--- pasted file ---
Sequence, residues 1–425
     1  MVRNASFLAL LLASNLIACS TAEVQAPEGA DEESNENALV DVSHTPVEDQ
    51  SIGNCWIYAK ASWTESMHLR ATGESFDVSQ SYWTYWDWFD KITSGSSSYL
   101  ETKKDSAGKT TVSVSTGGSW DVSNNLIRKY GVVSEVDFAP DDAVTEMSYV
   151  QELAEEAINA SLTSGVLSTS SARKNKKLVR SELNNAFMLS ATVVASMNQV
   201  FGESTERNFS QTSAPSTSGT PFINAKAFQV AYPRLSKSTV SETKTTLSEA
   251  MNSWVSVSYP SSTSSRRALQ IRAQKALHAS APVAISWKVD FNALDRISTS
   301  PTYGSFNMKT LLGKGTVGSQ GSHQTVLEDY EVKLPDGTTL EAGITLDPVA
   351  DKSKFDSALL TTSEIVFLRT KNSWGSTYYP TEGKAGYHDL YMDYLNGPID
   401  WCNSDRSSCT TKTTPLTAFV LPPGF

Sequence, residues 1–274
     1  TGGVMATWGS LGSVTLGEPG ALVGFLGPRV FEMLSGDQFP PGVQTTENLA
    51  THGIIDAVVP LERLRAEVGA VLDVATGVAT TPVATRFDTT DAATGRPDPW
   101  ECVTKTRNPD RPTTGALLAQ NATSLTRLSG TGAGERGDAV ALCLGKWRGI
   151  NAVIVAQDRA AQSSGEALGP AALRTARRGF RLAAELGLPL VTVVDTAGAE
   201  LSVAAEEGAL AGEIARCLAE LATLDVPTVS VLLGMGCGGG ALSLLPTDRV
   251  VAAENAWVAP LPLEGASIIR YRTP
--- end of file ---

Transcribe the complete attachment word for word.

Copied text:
Sequence, residues 1–425
     1  MVRNASFLAL LLASNLIACS TAEVQAPEGA DEESNENALV DVSHTPVEDQ
    51  SIGNCWIYAK ASWTESMHLR ATGESFDVSQ SYWTYWDWFD KITSGSSSYL
   101  ETKKDSAGKT TVSVSTGGSW DVSNNLIRKY GVVSEVDFAP DDAVTEMSYV
   151  QELAEEAINA SLTSGVLSTS SARKNKKLVR SELNNAFMLS ATVVASMNQV
   201  FGESTERNFS QTSAPSTSGT PFINAKAFQV AYPRLSKSTV SETKTTLSEA
   251  MNSWVSVSYP SSTSSRRALQ IRAQKALHAS APVAISWKVD FNALDRISTS
   301  PTYGSFNMKT LLGKGTVGSQ GSHQTVLEDY EVKLPDGTTL EAGITLDPVA
   351  DKSKFDSALL TTSEIVFLRT KNSWGSTYYP TEGKAGYHDL YMDYLNGPID
   401  WCNSDRSSCT TKTTPLTAFV LPPGF

Sequence, residues 1–274
     1  TGGVMATWGS LGSVTLGEPG ALVGFLGPRV FEMLSGDQFP PGVQTTENLA
    51  THGIIDAVVP LERLRAEVGA VLDVATGVAT TPVATRFDTT DAATGRPDPW
   101  ECVTKTRNPD RPTTGALLAQ NATSLTRLSG TGAGERGDAV ALCLGKWRGI
   151  NAVIVAQDRA AQSSGEALGP AALRTARRGF RLAAELGLPL VTVVDTAGAE
   201  LSVAAEEGAL AGEIARCLAE LATLDVPTVS VLLGMGCGGG ALSLLPTDRV
   251  VAAENAWVAP LPLEGASIIR YRTP